27:14 What I might do is I will just go back online here and this time I'll write to it because I wanted that change to remain.
27:23 So nice little feature here because it can be easy to trip yourself over with this.
27:29 So one of the first functions you're going to be doing is setting your base ignition timing with that locked.
27:33 You can then select an angle which you can easily see with our timing light.
27:38 And then you're going to be calibrating the timing until it's correct.
27:42 However, it can be easy once it actually comes to tuning to forget to untick that little box.
27:47 And in this case, the MaxxECU is going to flash this little red warning that the ignition angle is locked, so hopefully that's going to prevent a little bit of wasted time.
27:57 I know I have fallen into that trap before.
28:01 If I can do it, I'm pretty sure anyone can do it so nice little feature there.
28:05 Dwell table, again nothing particularly unusual here, nothing specific to the MaxxECU.
28:12 Does have knock control as well, we haven't delved into that, given that our B18C is essentially not knock limited but we will be covering this in a future webinar for those that want to go a little bit more in detail.
28:27 Idle control, pretty self explanatory here, in this particular application, the car doesn't actually have an idle speed control motor.
28:36 It is only a race car, we don't really care too much about the idle quality.
28:41 The main driving factor behind this is actually the fact that the idle air bypass valve failed on the firewall from memory so there physically just wasn't room for it.
28:51 But what we want to do here is essentially set our idle speed targets relative to our engine coolant temperature.
28:58 Even without this, we are still using the idle ignition control functionality so you still want to set this base idle speed target to be realistic because that feeds into the idle ignition control function which is right here.
29:13 So we can have this as open loop or closed loop.
29:16 That's our first function here, and basically in this case we've got the ability to, our idle control sorry not idle ignition control, to have this open loop or closed loop depending on what your preference is.
29:30 I always start with it in open loop and then in this case, this would be a duty cycle table table relative to coolant temperature.
29:36 Get this dialled in, sort of in the ballpark and then enable closed loop and it's kind of just like the fuel tuning, we don't want to be tuning our VE table with the closed loop control taking up any errors, same with our idle speed control.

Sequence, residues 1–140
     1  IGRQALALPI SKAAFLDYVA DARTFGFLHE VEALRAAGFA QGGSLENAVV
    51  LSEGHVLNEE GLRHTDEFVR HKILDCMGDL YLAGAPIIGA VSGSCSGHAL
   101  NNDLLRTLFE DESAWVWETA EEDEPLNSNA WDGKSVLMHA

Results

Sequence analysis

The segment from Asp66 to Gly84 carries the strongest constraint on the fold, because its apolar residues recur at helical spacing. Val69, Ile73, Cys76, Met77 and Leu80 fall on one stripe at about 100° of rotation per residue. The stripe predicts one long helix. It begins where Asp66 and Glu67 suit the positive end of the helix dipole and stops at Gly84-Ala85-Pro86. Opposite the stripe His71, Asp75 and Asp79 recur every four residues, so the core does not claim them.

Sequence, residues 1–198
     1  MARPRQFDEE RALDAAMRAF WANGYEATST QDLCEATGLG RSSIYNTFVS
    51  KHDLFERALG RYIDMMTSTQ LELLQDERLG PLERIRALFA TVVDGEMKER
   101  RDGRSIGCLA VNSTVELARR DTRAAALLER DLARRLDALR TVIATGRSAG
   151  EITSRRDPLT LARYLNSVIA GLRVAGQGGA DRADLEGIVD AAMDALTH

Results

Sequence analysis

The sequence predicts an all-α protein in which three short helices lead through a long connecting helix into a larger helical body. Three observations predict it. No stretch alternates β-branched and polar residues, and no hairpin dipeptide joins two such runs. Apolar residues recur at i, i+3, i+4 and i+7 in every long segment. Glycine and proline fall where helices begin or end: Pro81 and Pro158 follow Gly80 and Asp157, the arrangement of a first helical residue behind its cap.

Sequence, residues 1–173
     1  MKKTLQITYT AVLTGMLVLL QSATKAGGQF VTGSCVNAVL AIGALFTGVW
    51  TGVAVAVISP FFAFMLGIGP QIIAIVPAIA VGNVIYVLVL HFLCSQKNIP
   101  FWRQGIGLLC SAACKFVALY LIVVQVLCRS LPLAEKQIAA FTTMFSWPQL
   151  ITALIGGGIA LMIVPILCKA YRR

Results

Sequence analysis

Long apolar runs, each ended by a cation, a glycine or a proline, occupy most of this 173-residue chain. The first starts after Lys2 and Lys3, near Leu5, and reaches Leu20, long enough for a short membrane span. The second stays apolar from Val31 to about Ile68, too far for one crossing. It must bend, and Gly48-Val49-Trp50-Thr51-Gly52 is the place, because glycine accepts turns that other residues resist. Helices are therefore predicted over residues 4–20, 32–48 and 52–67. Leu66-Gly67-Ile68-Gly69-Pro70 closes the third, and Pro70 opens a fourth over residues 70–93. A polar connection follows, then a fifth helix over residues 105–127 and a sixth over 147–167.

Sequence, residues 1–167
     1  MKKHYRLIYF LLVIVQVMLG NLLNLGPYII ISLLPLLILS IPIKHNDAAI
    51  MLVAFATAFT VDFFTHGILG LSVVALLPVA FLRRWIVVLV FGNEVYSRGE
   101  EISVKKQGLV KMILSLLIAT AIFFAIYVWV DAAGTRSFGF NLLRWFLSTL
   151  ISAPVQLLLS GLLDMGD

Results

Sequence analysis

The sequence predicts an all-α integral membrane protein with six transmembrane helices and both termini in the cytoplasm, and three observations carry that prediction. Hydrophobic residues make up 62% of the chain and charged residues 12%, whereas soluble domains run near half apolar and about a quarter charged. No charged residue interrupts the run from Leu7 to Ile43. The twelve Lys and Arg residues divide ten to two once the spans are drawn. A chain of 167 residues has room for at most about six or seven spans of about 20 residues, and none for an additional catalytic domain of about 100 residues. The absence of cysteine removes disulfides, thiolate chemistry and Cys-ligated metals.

29:51 So yeah we're not using that at the moment as I mentioned but I did want to come back to idle ignition control because I mentioned it, so that is under our ignition menu item here.
30:01 So in this case we've got the option here, ours is set up to use our separate table which is right below and we've basically got a ignition angle vs idle error.
30:14 So that's why setting our idle targets is really still important even while we don't have an idle speed control motor, because that feeds in, that error feeds into this table here and then we're just using the principle that as we retard timing from MBT, we reduce engine torque and hence the idle speed will drop.
30:31 As we advance timing towards MBT, we increase engine torque and the idle speed will increase.
30:37 Quite surprisingly effective and short of the middle of winter, with sub 0 temperatures, this car will actually start and idle quite happily by itself, usually, it might make me a liar in a moment when we do go to start it but yeah it's pretty good.
30:53 And again for a race car our expectations are a little bit different than a daily driven road car.
30:58 Let's close that down, motorsport functionality, really not going to deal with that we're not actually using any of this but everything you'd expect with anti lag, launch control, rolling launch control, shift cut etc so again, can't really talk about that because we're not using it.
31:14 We've got speed and gear setup here as well.
31:17 We are using this here so we do want a wheel speed input or a driven wheel speed or driveshaft speed input.
31:28 CAN bus, going to probably do a separate webinar on this because this is quite a sophisticated feature in the MaxxECU, in that it is essentially a very sophisticated CAN sniffer.
31:40 So let's go through this, we've got our CAN settings here, we can bring in a number of inputs via CAN as you'd expect as well as OBD2 CAN depending on what vehicle you are dealing with.
31:54 What I wanted to deal with here was the CAN tools and again we'll just go online for this.
31:57 So CAN analyser, at the moment it is switched off but we can enable this, let's look at incoming and outgoing data and here we've got a full CAN analyser so if you want to start reverse engineering a factory CAN bus or something of that nature, or for that matter even just for fault finding what's going on with something, this is a really powerful way of doing it, you can also save your data as well once you've got the data that you want to look at.
32:26 Then you can also set up messages to test an output so if you want to maybe replicate factory ECU CAN message to drive a dash gauge cluster and maybe get coolant temperature or RPM on the gauge cluster, you can use the CAN sniffer, CAN analyser to basically find those messages in the factory bus and then replicate those using the test output to make sure that it is in fact working.